Jessi M’Bengue on Model Clarity (Even When the Lines Are Blurred)

   Jessi M’Bengue is a beautiful young woman who was born and raised in Southern France. On a modeling Visa, she came to New York to pursue a creative lifestyle; while her passion is creative writing (mostly songwriting), she has become a successful fashion model. She is most well-known for being the only woman of color in Robin Thicke’s music video, Blurred Lines (featuring Pharrell). This provided an easy introduction for me as interviewer: I watched the video (that I had never seen until I was asked to write this interview) and was struck by Jessi’s beauty and playfulness.

   While backward-pedaling on a bicycle, running about with an over-sized syringe, and playing with enormous fuzzy dice, Jessi seemed comfortable playing the part of a topless beauty in the Robin Thicke music video (I still can’t get over the fact that he’s Alan Thicke’s son i.e., the father from Growing Pains). When asked how she felt being topless, Jessi replied that she is very comfortable with nudity; she has done incredibly artistic topless photos in the past and, as a French woman who thinks that a woman’s body is beautiful, she had no problem bearing her breasts (and why should she..? They’re perfectly perky!).

   Clad in only a G-string, white platform tennis shoes and a gold lamé scrunchie, Jessi saw the video as a job (one that she is very grateful for and that she tried to do her best at) and nothing more; she tries not to take the modeling world too seriously. While she feels blessed and flattered to have so many fans, she feels that one shouldn’t be put on a pedestal, especially for one’s physical attributes.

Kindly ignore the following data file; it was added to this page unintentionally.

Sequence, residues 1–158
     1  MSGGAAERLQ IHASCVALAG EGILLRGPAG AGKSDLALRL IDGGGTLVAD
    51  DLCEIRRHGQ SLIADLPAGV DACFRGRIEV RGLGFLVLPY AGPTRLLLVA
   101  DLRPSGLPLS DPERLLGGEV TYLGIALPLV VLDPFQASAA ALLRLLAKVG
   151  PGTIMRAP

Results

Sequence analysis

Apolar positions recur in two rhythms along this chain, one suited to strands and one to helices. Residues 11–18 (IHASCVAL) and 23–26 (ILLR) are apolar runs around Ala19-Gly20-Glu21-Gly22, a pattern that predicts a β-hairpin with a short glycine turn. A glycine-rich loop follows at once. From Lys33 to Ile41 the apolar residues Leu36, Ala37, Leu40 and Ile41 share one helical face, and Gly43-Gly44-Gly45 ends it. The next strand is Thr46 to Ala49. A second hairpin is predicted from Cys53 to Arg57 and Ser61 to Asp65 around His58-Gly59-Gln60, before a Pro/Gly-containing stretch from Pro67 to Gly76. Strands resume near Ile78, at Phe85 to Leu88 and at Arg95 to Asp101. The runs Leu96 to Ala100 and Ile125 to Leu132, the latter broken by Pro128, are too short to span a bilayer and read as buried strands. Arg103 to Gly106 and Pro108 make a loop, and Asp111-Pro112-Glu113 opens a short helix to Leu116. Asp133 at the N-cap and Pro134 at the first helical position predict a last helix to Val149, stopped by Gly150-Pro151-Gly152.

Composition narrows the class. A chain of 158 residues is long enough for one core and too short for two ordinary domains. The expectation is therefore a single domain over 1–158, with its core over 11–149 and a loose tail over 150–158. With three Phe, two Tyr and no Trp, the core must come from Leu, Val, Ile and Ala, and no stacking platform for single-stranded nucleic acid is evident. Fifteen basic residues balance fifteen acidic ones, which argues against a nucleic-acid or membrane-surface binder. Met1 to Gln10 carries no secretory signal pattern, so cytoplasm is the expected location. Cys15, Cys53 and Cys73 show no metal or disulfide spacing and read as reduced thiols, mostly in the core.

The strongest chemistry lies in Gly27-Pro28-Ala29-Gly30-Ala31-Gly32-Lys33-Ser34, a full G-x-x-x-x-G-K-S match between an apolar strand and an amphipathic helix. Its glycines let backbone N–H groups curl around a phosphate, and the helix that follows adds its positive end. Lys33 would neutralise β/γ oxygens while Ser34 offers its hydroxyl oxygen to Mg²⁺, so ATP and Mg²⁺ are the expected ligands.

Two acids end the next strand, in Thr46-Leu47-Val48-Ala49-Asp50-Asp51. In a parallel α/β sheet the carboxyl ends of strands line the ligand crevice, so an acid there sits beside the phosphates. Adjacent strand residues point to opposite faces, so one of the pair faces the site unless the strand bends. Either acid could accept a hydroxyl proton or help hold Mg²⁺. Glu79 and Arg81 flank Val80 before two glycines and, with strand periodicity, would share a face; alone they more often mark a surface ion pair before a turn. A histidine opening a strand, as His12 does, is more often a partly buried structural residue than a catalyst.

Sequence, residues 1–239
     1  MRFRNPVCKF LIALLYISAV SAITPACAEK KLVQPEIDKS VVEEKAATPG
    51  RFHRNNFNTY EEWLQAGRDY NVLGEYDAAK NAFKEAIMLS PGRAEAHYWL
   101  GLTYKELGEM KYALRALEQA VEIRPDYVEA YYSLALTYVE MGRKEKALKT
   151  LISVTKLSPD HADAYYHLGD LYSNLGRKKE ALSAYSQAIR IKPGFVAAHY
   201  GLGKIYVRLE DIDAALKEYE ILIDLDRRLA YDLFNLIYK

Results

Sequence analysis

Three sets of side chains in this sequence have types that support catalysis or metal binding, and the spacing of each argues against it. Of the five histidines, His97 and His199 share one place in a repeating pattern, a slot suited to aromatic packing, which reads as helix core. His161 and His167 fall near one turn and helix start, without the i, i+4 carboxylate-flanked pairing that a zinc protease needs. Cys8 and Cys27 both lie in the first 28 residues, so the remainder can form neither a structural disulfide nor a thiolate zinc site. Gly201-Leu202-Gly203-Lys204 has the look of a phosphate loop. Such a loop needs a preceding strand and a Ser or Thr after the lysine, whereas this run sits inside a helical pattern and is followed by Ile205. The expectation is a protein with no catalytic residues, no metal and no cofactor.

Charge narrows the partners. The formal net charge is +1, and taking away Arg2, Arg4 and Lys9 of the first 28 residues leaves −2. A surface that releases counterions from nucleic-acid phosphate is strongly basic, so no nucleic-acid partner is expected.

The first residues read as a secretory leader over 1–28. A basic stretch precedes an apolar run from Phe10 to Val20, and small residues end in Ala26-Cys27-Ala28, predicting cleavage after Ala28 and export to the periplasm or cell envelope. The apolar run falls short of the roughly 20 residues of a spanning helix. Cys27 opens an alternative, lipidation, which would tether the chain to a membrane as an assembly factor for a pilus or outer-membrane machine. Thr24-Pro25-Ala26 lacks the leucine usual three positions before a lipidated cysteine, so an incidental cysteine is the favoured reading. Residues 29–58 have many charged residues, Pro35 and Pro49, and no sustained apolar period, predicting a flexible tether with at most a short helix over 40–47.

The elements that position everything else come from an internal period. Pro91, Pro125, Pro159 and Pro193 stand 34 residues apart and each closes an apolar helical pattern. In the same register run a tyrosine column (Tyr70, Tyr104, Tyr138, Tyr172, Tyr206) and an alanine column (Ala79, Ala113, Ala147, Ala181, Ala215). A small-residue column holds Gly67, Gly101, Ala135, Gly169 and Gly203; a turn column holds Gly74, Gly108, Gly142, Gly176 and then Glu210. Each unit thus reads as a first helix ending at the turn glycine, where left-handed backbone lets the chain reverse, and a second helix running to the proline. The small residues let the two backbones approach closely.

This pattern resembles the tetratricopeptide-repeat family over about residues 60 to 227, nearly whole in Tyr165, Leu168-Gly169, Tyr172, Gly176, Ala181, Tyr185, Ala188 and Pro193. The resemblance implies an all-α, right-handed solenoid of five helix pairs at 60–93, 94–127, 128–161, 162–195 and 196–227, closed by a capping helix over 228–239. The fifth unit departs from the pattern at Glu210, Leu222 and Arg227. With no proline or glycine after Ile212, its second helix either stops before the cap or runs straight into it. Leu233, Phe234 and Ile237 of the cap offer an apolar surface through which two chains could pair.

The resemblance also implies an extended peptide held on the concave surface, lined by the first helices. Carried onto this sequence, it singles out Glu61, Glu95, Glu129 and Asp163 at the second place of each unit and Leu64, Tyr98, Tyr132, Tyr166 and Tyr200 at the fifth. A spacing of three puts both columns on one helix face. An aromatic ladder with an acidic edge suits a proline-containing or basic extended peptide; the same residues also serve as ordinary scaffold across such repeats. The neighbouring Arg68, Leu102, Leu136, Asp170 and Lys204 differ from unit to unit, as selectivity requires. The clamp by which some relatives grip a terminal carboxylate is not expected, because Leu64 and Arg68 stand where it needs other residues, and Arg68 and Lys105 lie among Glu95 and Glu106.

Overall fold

As far as feminism is concerned when the Blurred Lines video is mentioned, Jessi is adamant in the fact that, when a woman makes a decision that is right for her, that is a feminist act in itself. No one participated in the video without wanting to and, for Jessi, it was a lovely working experience. Jessi tries to remain as creative and positive as possible and, in the end, this will keep her real.

   When it comes to dealing with the way the public perceives her (mostly as a sexually attractive young woman), she remains grounded by accepting the good and bad within herself. As cliché as it may sound, real beauty, according to Jessi, does not exist within the pages of a glossy fashion magazine but within the person who is seen as an object of beauty. Beauty comes from self-acceptance. Accepting the good along with the bad in one’s self is something that will remain timeless. Trends and fads seen in fashion magazines are transient; they usually fade overnight. The real knack at appearing beautiful is to possess an inner calm. Jessi believes that to remain quiet on the inside, one must accept who they are on the outside.


by Katherine Sloan